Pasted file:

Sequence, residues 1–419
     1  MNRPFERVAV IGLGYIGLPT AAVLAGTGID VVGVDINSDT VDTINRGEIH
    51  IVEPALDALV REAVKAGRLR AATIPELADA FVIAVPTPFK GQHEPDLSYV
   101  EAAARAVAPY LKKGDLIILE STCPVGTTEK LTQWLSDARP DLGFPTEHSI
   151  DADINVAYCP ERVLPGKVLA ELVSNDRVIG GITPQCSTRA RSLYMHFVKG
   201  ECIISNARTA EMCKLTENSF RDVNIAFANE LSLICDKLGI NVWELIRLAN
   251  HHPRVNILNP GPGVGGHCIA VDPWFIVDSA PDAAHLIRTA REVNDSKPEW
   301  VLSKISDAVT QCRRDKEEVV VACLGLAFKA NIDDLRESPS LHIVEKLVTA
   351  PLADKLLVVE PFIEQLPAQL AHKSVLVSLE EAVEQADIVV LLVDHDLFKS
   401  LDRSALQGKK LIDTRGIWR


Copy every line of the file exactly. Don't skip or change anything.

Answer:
Sequence, residues 1–419
     1  MNRPFERVAV IGLGYIGLPT AAVLAGTGID VVGVDINSDT VDTINRGEIH
    51  IVEPALDALV REAVKAGRLR AATIPELADA FVIAVPTPFK GQHEPDLSYV
   101  EAAARAVAPY LKKGDLIILE STCPVGTTEK LTQWLSDARP DLGFPTEHSI
   151  DADINVAYCP ERVLPGKVLA ELVSNDRVIG GITPQCSTRA RSLYMHFVKG
   201  ECIISNARTA EMCKLTENSF RDVNIAFANE LSLICDKLGI NVWELIRLAN
   251  HHPRVNILNP GPGVGGHCIA VDPWFIVDSA PDAAHLIRTA REVNDSKPEW
   301  VLSKISDAVT QCRRDKEEVV VACLGLAFKA NIDDLRESPS LHIVEKLVTA
   351  PLADKLLVVE PFIEQLPAQL AHKSVLVSLE EAVEQADIVV LLVDHDLFKS
   401  LDRSALQGKK LIDTRGIWR